A new report from the John Burton Foundation examines trends related to utilization of California’s Transitional Housing Placement-Plus (THP-Plus) and THP-Plus Foster Care (THP+FC) programs during the 2015-2016 year.
In 2001, the California state legislature created the THP-Plus Program in response to high rates of homelessness among former foster youth. After the passage of a bill (Assembly Bill 12) that extended foster care benefits in California to age 21 in 2010, the THP+FC program was created to offer affordable housing to youth transitioning to adulthood plus some oversight using Title IV-E funding.
In 2015-2016, 1,695 youth received services from THP-Plus and 3,048 youth were served by THP+FC programs. Both types of services were available in 48 counties state-wide. Across the state, there were 1,361 THP-Plus beds available at the end of the year; the capacity of THP+FC beds at that time stood at 1,737 beds.
The John Burton Foundation surveyed 79 of the state’s 81 THP-Plus and THP+FC providers (data from the county level was provided for the remaining two providers). In addition to information from the THP-Plus and THP+FC Participant Tracking Systems database and the California Child Welfare Indicators Project, the report also drew on interviews with providers of THP-Plus and THP+FC programs, county administrators and participants of the programs.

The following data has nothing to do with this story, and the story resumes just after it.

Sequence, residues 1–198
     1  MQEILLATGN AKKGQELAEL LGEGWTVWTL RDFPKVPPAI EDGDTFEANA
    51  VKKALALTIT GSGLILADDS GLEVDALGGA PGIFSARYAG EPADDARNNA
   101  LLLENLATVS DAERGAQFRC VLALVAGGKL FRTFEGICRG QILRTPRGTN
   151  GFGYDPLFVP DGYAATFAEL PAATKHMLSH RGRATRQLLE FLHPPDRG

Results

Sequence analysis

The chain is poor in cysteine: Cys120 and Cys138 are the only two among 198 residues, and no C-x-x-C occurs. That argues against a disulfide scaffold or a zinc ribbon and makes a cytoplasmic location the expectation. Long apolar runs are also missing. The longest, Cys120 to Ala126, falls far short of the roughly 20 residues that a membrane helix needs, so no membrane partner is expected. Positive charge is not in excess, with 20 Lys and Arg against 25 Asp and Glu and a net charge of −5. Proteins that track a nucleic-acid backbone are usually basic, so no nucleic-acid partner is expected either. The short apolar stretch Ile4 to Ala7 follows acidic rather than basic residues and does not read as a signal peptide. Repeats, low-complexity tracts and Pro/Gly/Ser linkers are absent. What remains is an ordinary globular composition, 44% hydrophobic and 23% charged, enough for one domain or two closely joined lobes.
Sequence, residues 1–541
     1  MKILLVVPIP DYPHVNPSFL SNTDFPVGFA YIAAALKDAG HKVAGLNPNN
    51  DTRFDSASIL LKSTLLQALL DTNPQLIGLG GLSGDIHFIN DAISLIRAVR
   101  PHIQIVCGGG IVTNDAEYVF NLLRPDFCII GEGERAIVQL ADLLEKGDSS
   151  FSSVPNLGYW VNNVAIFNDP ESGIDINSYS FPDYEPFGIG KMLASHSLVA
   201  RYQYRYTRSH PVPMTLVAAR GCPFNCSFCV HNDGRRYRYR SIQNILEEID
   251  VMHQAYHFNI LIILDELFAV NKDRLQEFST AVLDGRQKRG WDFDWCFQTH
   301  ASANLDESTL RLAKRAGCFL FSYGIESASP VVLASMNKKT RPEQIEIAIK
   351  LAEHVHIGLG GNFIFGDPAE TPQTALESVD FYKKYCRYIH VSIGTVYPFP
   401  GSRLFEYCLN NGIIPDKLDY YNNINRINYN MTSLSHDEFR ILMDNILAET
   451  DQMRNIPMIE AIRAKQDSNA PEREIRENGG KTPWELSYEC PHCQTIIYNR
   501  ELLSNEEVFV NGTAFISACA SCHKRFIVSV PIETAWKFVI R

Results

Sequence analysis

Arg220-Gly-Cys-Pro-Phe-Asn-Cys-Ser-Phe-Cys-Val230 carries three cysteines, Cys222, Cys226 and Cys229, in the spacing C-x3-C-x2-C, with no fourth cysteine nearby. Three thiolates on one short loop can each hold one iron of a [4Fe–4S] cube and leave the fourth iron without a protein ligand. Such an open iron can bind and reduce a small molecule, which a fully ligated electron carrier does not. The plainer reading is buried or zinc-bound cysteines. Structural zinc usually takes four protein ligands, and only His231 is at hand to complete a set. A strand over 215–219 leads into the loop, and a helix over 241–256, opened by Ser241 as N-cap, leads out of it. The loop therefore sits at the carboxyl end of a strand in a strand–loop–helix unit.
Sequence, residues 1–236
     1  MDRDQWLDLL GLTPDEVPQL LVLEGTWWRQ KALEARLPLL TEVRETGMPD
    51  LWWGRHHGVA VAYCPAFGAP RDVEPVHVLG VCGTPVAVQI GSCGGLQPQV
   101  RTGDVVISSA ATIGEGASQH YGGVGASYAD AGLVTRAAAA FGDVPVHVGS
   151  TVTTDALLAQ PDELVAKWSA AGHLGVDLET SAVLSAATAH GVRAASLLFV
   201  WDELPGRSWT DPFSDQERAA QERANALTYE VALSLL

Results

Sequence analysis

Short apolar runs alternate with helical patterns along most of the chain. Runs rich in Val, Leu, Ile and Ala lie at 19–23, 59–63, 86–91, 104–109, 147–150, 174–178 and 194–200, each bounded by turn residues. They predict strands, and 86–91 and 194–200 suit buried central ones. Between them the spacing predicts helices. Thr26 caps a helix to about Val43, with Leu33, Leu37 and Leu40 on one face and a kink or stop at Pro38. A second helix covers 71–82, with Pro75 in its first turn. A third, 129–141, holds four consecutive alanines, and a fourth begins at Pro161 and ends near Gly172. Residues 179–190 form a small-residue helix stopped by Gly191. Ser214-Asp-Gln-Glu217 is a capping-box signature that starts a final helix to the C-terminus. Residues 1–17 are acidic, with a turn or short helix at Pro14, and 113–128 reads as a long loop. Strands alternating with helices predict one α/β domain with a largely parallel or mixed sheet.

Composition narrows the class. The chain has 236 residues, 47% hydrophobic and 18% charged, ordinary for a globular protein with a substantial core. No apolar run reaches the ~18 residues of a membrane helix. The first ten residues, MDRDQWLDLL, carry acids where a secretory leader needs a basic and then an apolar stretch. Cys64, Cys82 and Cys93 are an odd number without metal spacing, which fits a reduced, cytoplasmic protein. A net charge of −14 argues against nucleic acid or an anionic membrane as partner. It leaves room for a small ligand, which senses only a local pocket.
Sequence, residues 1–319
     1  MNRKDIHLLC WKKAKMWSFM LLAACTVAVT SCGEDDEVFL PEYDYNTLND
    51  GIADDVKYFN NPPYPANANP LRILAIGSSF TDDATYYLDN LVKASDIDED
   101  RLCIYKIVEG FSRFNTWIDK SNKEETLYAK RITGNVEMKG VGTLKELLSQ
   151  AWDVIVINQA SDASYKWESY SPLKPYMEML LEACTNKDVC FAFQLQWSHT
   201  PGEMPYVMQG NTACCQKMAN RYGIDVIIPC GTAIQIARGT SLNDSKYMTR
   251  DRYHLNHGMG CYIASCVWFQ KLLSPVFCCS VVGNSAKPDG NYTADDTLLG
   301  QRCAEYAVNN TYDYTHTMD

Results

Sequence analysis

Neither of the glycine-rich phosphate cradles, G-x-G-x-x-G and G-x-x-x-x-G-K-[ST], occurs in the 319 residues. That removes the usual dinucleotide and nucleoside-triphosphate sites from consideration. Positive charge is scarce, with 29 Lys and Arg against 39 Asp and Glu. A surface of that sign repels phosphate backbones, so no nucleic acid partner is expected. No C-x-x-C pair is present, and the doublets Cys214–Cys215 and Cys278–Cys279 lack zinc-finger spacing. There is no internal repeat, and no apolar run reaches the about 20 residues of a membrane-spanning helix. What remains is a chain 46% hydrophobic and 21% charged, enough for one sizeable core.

According to the report, THP-Plus programs are effective at providing stable housing for youth who have experienced homelessness. During the last year, 29 percent of youth who participated in the THP-Plus program entered from unstable housing situations, including homelessness. After exiting the program, 89 percent of youth were able to find reliable housing.
The number of youth in THP+FC programs has continued to rise, from 273 in 2011-2012 to 1,436 in 2013-2014 and in 1,737 in 2015-2016.
Overall, the report notes that while the number of youth who were served by THP-Plus programs has remained steady, spending on THP-Plus programs has continued to slide. Additionally, many homeless youth eligible for THP-Plus programs were not able to access the services. Many youth participating in the THP-Plus programs became parents both before and during their time in the programs.
Both THP-Plus and THP+FC program participants have experienced difficulty in making the transition from high school to college, with a high rate of college drop-out.
The THP-Plus and THP-Plus FC report offers several policy recommendations designed to address the needs of these transition-age youth, including creating a tiered-rate structure for special populations like parenting youth, better serving out-of-county foster youth and improving supportive services, among others.
To read the report, click here.